Road traffic accident cases for victims of serious injuries often involve two distinct legal processes. While the personal injuries team at Penningtons Manches Cooper will assist the injured client in pursuing a claim for damages as a civil claim, the police can decide to bring a criminal prosecution against the driver responsible for the accident. While these two processes are separate, the criminal proceedings may well assist the civil claim in a number of ways.
As a matter of law, a conviction for a motoring offence arising out of an accident does not necessarily determine civil liability. That is the theory, but in practice if an offence is relevant (such as careless or dangerous driving), it will generally assist the civil claim considerably. Conversely, absence of a criminal conviction does not mean that a civil claim will fail. The principle reason for this is that there are different standards of proof in criminal and civil proceedings.
In order for a criminal conviction to succeed, the Crown Prosecution Service (the lawyers acting on behalf of the police) must prove criminal guilt ‘beyond reasonable doubt’, which is a far higher standard than in a civil claim where liability (negligence, that is fault) has to be proved on the balance of probabilities. Liability can therefore be established if ‘it is more likely than not that the accident was caused by the defendant’s negligent driving’.
It therefore follows that if a defendant driver is convicted of a relevant offence (where the standard of proof is higher than in civil cases), it will be easier to secure an admission of liability in civil cases.
Where the police attend the scene of a road traffic accident, they will take statements from the drivers and, if not too seriously hurt, the injured claimant, as well as any other independent witnesses. The police accident report book may also include a sketch scene of the accident showing the location of the parties involved. In cases where the claimant is seriously injured (or killed), the police evidence may well include photographs, detailed plans, a vehicle examiner’s report, and an accident construction report. All of this will be helpful to the lawyers investigating the claim. The downside is that the police will not release any of this evidence until the conclusion of any criminal proceedings, and consequently this can represent a delay in the claim if liability is not admitted at an early stage.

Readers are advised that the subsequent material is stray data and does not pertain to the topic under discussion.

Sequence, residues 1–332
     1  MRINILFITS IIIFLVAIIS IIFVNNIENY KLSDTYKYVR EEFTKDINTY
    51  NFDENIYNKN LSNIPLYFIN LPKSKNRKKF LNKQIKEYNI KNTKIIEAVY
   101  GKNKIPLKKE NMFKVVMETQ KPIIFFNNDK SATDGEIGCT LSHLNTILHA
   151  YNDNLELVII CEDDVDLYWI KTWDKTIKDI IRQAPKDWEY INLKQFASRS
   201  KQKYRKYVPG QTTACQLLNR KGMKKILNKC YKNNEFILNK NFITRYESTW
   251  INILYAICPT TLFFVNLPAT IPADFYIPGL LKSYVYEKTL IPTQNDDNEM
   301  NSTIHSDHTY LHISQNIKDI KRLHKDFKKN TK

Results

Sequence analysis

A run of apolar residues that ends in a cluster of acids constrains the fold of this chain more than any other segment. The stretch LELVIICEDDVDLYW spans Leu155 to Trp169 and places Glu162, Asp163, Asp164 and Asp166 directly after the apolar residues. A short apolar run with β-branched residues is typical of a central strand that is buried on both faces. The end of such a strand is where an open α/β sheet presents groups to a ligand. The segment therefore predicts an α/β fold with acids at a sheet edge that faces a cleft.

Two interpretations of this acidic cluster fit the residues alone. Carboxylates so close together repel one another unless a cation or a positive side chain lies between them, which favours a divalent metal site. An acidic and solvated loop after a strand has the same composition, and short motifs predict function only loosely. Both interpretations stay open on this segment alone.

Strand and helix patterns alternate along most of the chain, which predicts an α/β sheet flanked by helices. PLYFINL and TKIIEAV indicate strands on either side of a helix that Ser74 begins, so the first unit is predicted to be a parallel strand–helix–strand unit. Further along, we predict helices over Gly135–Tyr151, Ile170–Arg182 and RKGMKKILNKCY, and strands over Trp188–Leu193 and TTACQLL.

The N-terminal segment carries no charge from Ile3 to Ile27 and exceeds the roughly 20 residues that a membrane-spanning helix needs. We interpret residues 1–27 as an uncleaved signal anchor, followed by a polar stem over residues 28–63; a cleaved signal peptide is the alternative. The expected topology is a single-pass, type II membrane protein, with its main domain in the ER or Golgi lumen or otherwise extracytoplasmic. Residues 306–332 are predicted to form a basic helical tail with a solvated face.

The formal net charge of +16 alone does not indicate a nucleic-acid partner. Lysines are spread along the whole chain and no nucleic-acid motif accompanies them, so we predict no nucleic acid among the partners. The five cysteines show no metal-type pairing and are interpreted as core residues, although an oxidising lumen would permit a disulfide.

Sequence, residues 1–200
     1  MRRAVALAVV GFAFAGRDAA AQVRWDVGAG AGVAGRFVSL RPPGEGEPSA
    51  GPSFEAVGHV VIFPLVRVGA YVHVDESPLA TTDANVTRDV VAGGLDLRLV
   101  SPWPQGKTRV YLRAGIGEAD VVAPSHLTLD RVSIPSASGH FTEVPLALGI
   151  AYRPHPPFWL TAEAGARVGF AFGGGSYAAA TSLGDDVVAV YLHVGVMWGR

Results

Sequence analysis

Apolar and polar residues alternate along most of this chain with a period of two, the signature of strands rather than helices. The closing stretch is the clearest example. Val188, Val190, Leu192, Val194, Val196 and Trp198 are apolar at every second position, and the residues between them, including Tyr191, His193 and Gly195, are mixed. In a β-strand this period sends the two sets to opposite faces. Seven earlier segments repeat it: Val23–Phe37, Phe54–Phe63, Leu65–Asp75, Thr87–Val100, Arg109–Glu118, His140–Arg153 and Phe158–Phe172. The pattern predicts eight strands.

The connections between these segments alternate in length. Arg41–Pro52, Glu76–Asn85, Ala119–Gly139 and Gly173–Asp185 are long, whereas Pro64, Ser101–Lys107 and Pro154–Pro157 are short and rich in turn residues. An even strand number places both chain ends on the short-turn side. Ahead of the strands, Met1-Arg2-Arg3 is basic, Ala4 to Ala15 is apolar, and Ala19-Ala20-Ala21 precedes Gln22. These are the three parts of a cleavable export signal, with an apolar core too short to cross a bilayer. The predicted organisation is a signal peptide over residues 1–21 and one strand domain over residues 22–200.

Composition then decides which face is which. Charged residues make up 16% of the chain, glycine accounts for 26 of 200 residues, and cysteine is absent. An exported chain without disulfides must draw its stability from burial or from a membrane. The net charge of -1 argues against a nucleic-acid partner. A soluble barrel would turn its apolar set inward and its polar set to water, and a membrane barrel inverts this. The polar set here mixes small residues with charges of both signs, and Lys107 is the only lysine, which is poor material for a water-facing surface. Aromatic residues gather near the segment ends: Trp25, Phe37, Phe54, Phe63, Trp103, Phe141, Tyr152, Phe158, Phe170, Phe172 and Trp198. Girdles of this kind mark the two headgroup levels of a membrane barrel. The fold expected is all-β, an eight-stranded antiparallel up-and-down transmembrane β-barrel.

Emma, a pedestrian in London, sustained serious injuries while she was crossing the road. She was struck by a motorcyclist. She lost consciousness at the scene and has no recollection of either the accident itself or being taken to hospital where she was diagnosed with a head injury and multiple fractures. The accident occurred at a time she was planning to launch a new business which was in its fledgling stages.
Emma instructed Penningtons Manches Cooper to pursue a claim for damages for very serious injuries and the understandable significant financial losses suffered as a result. Our first port of call was to request the police accident report.
The report was not very helpful. There were no witnesses at the scene other than the motorcyclist who told the police that Emma walked straight out in front of her and there was nothing he could have done to avoid her. Conscious of the obligation to prove an offence beyond reasonable doubt, the police took no action and were happy to release the report to us. It was time to do our own detective work. Together with the client we:
While the lawyers for the insurers of the motorcyclist refused to accept liability (and continued to suggest that Emma was to blame for the accident), our detective work gave us the confidence to continue with the claim. After independent expert evidence was secured in orthopaedic surgery, plastic surgery, neurology and neuro-psychology, the defendants agreed to a significant settlement for the claimant less than two years after the accident. A great result for Emma, and only possible because of diligent detective work.
There are great lessons to be learnt from ‘watching the detectives’.